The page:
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Fire Festival Lights up Caldwell Park

Just in time before the rain, “Cirque de Fue” was a hit. Saturday night, hordes of community members flocked to Caldwell Park to see the unique talents and perhaps less traditional gifts such as belly dancing, acrobatics, and fire breathing.
Vendors encircled the roped off area, selling such items as melted metallic art, silver glob-like items shaped like cumulous clouds,  or leather items such as earrings or what appeared to be modern corsets. There were also face painters, balloon animal creators, and food stands that are a fixture in any carnival resembling event.

 

“Like others, I was drawn towards the idea of people using and trying to control the elements, in this case, fire” says local college student Christina. She came to the event with her friend, and did not want to miss out on a thing, staying from the early afternoon until the last show and the last people dispersed.

 

The event started on the latter half of Saturday, and with the setting of the sun, the show really sparked, no pun intended.

 

Group after group impressed audience members by impressive mixes of choreography and flame. Some used what appeared to be short chains with flaming masses of something on the end, others used a four foot long staff  with fire on one or both ends, and still others preferred to use a sort of fan, with long fingers lit on fire on the tips. The performers danced with a variety of musical backgrounds, from dub step to electronic versions of classic pieces.

 

The performances were exotic and almost erotic, with performers wearing little clothes, in order to one, stand out and two, aid in mobility for their elaborate dance moves.
It should be noted that the event, although centered around the graceful flinging of fire, was quite safe. Audience members sat behind a taped fence, far enough to stay out of any danger zones. A patch of grass also served as a buffer, and was necessary at least once as an excited toddler ran toward the performers, only to be stopped short by a concerned parent. Fire extinguishers were never far away, and after a performance dancers would douse their flaming tools with a wet cloth and stamp out the fire.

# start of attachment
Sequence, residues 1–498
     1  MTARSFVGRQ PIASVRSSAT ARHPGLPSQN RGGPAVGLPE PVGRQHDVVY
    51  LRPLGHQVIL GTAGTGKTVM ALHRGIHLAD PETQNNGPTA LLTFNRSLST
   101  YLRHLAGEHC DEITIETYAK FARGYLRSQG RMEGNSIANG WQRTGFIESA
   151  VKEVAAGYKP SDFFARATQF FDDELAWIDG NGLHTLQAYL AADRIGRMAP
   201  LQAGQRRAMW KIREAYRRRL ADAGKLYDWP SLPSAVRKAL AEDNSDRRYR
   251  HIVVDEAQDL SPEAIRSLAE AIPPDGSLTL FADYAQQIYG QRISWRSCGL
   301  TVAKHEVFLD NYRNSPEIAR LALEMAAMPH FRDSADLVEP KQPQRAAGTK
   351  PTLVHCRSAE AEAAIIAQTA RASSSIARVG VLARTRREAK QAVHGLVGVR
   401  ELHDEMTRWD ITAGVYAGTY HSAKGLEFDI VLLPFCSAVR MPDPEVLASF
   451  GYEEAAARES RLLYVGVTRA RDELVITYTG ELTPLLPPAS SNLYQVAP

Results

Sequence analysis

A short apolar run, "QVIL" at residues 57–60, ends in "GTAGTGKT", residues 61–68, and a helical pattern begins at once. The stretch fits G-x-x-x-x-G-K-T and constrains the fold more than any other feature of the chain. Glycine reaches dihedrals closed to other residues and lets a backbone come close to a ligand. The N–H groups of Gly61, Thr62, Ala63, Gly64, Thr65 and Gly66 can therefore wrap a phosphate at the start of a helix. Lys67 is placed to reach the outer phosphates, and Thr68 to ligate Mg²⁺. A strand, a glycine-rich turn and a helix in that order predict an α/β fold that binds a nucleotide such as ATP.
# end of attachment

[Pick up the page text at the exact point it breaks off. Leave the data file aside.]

As the darkness grew, so did the intensity of the performances, captivating audiences and leaving them in a bizarre trance, with the fire glowing and illuminating such a small patch of light that once the brain registered what it was one was looking at, the light had already moved on somewhere else. The music grew to a frenzy, wild, frenetic, and matching the unstoppable energy of the dancer, and his flame is almost extinguished simply because it is whipped about so much.
Much like the climax in stories, the event wanes some after a rousing act. Now the music is rhythmic, slow, and seems to undulate in perfect time with the well-rehearsed performers.

 

As the last performance came to a close, the audience was hypnotized, as if in a daze, and the last dancer gave a final graceful spin, and there was the heavy, weighted pause that comes just after the performer has finished, and before the audience can applaud. However, applaud they did, thunderous and intrigued.

 

To see great pictures, check out “Cirque de Fue” on facebook.

 

The night was definitely a unique one.

 

By: Ryan Loughrey

 

 

 

 

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